24″ by 36″ Oil on board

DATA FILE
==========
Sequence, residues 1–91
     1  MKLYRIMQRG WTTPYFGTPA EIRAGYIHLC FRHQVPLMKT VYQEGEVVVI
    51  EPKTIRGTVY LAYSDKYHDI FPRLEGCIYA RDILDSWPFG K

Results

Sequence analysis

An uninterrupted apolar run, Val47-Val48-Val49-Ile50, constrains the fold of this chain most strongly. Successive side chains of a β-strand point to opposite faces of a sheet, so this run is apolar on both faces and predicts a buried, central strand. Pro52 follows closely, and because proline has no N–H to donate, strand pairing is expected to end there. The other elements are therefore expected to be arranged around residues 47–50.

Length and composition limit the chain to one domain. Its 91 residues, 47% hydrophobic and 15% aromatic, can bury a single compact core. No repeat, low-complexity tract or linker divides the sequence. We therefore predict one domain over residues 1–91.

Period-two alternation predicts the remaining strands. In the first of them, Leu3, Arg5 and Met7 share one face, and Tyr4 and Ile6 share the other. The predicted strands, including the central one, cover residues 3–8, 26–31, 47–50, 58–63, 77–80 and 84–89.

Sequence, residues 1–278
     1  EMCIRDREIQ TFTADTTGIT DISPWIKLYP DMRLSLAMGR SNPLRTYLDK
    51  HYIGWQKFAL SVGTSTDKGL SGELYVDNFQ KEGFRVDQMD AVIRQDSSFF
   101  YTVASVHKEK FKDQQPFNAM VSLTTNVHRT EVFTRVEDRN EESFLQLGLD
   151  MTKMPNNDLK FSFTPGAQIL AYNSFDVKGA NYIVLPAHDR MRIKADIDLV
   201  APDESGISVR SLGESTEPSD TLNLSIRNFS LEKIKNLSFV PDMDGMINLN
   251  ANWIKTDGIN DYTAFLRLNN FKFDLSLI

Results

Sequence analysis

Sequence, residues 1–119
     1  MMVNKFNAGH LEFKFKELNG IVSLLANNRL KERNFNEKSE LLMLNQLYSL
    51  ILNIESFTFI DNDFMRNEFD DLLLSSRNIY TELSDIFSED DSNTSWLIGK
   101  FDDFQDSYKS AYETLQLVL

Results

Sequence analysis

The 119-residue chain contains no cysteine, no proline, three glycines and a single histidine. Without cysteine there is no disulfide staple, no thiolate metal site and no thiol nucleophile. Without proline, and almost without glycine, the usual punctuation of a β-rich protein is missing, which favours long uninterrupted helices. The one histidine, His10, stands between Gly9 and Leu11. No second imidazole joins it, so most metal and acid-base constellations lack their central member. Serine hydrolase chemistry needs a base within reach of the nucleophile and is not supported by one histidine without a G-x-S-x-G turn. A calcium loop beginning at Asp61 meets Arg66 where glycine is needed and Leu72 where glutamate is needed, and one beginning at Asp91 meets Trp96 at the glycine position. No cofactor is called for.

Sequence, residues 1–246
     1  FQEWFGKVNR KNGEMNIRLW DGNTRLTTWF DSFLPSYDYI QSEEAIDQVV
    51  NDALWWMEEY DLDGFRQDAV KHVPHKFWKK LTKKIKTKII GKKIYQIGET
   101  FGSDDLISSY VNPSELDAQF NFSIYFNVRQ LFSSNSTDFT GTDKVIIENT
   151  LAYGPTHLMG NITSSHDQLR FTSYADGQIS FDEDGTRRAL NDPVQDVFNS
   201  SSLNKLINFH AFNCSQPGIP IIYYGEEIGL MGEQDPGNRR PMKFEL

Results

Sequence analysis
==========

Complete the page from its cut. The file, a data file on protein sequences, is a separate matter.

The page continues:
When the German battleship Bismarck and the heavy cruiser Prinz Eugen slipped out of their Norwegian base the Royal Navy was faced with the dilemma of which passage the German ships would take to break out into the Atlantic. The two options were east of Iceland or through the Denmark Strait separating Iceland from Greenland and it was there that H.M.S Hood and H.M.S Prince of Wales were sent. On the morning of 24th May 1941 the Bismarck and her consort were sighted and battle commenced. Admiral Holland commanding the British ships from H.M.S Hood attempted to close the range as quickly as possible as he knew that his ship with it’s unarmoured decks was vulnerable to long range plunging fire. The painting depicts the moment when three German shells landed just behind the Hood and the fourth shell was still in the air. This would crash into the ship, plunging through the decks and setting off a magazine explosion which would blow the old ship to pieces. The loss of the Hood and all but 3 of her crew came as a terrible shock to the British nation, it was akin to the loss of a beloved friend and as usual Winston Churchill summed up the nations grief and will with the terse 3 word command “Sink the Bismarck”.